Speech Pathology & Audiology
Diagnosing & Treating Communication Disorders
Speech-language Pathology and Audiology are exciting and rewarding professions that provide services to individuals with communications disorders and their families. There are approximately 46 million people who have some type of communication disorder. Some of these individuals may have difficulty producing speech sounds, expressing and understanding language or difficulty hearing due to conditions present at birth, acquired diseases or accidents. People of all ages experience these disorders. Speech-language pathologists, audiologists, and speech, language and hearing scientists are all specialists trained at the graduate level to help improve the quality of life of persons with communication and swallowing disorders.
Speech-language pathologists (SLPs) work in a variety of work settings, including schools and hospitals. There are an estimated 100,000 ASHA certified speech-language pathologists. These professionals assess and treat a variety of speech, language, and swallowing disorders in persons of all ages. Speech disorders may included problems with speech sound production (articulation), fluency (stuttering), and voice disorders. Language disorders may be characterized by difficulties in the comprehension or expression of organized symbols. SLPs also help clients with swallowing disorders, possibly due to a stroke or surgery, that my lead to life threatening conditions.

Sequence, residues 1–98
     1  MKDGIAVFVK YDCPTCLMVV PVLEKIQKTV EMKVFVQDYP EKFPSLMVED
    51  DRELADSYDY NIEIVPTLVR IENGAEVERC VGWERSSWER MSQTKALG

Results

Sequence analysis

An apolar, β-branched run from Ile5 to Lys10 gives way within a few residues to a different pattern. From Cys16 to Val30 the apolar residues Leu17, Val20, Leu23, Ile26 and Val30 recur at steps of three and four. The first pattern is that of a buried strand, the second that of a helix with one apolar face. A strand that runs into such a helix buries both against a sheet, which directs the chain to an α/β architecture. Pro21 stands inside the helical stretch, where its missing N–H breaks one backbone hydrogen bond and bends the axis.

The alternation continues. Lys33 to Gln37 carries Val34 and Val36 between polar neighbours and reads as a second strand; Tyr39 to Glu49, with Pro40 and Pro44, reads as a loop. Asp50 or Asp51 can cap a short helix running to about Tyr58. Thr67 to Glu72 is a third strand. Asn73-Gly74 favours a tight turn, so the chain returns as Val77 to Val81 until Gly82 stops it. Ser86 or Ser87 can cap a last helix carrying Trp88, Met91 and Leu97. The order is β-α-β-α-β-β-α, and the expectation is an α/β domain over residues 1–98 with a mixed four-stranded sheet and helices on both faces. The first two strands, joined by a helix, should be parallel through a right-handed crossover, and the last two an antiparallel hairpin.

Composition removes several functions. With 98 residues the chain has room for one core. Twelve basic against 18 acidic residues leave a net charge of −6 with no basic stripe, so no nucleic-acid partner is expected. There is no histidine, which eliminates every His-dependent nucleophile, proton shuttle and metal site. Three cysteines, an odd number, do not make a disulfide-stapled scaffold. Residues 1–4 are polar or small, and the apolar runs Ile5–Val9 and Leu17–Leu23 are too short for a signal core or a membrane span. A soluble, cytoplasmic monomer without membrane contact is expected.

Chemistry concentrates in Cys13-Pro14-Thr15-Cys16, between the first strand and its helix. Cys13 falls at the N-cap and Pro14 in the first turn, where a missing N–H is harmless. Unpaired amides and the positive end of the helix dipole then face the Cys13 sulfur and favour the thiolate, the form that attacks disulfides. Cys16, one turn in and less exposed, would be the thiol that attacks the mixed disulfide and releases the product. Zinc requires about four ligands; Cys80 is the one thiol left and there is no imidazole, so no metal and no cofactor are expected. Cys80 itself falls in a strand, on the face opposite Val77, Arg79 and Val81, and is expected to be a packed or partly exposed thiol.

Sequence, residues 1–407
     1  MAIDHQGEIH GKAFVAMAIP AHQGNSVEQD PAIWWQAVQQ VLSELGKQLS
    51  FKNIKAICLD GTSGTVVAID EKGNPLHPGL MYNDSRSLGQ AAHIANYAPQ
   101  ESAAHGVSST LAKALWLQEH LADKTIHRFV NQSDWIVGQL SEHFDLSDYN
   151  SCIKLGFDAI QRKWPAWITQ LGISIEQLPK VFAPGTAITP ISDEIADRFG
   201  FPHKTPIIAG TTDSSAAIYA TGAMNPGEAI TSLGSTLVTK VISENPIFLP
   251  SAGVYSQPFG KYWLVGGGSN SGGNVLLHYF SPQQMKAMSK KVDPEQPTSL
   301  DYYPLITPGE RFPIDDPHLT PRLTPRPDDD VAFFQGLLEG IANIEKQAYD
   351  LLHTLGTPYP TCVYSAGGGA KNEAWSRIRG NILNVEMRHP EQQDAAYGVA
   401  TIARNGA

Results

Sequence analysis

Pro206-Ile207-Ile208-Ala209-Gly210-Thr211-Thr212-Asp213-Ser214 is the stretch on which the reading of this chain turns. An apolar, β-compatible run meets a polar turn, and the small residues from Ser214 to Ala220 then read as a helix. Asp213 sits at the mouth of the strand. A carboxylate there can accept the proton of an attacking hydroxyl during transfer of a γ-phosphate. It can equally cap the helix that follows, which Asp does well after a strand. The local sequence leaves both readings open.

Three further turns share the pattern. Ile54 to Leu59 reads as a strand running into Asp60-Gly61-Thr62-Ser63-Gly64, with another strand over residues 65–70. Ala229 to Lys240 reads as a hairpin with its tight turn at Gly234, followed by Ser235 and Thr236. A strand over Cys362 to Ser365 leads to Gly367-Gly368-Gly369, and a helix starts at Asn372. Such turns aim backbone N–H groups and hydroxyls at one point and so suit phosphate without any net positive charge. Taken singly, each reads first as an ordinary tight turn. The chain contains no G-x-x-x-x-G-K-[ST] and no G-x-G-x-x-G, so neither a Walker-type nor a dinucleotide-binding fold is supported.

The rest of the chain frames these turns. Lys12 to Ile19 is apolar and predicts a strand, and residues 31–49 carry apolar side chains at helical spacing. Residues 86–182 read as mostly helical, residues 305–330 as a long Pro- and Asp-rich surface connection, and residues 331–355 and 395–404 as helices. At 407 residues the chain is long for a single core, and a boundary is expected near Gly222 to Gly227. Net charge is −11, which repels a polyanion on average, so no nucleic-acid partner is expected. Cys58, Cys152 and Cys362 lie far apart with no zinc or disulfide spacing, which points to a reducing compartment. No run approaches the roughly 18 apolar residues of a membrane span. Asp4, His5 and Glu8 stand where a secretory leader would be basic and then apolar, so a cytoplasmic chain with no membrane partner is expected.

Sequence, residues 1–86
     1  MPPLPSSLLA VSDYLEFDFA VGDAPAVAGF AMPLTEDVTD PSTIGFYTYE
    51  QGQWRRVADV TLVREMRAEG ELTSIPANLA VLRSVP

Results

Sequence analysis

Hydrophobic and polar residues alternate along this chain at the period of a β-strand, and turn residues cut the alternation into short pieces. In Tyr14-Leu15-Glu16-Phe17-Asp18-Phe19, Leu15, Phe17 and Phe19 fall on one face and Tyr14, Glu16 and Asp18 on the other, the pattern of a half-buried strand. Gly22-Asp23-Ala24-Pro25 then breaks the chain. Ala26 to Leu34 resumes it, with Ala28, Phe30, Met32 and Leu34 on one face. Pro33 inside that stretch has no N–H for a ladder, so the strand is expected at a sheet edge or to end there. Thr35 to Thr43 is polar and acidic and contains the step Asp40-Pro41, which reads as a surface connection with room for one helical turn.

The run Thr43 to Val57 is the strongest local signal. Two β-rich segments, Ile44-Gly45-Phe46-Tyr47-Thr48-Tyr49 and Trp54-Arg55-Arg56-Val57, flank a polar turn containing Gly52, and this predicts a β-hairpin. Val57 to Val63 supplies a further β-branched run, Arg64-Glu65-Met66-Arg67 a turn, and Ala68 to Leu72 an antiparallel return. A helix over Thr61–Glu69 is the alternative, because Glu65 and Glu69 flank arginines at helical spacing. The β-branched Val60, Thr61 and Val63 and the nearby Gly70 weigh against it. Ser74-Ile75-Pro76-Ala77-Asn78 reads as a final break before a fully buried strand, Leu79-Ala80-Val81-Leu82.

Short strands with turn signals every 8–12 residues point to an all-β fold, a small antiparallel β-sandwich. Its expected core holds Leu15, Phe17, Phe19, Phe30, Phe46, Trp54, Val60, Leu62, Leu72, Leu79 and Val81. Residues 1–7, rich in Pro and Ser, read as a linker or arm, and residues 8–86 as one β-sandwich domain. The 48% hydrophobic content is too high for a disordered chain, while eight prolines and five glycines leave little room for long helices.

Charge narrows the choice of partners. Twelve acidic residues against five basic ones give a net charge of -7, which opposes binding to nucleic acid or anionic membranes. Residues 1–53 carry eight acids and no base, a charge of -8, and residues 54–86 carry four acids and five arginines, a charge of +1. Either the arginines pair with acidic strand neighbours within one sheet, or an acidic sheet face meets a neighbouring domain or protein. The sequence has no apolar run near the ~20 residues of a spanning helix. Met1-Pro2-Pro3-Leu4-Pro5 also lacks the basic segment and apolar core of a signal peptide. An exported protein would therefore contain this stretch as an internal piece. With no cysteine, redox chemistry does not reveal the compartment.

Audiologists also work in a variety of settings and serve individuals from birth to older adulthood. Audiologists are trained at the doctoral level to diagnose and treat individuals with hearing and balance disorders . Speech, language and hearing scientists investigate and develop evidence based methods for diagnosing and treating communication disorders. Although these scientists may practice with a master's degree or clinical doctorate, most acquire a research doctorate in the discipline of speech-language pathology or audiology .
Tennessee State University offers a undergraduate concentration in Communication Sciences and Disorders under Health Sciences , and Master of Science degree in Speech and Hearing Science (concentration speech-language pathology). Certification to practice speech-language pathology requires a Master's degree as entry level. The Department of Speech Pathology and Audiology's graduate program has maintained accreditation by the Council of Academic Accreditation of the American Speech-Language-Hearing Association ( ASHA ) since 1985.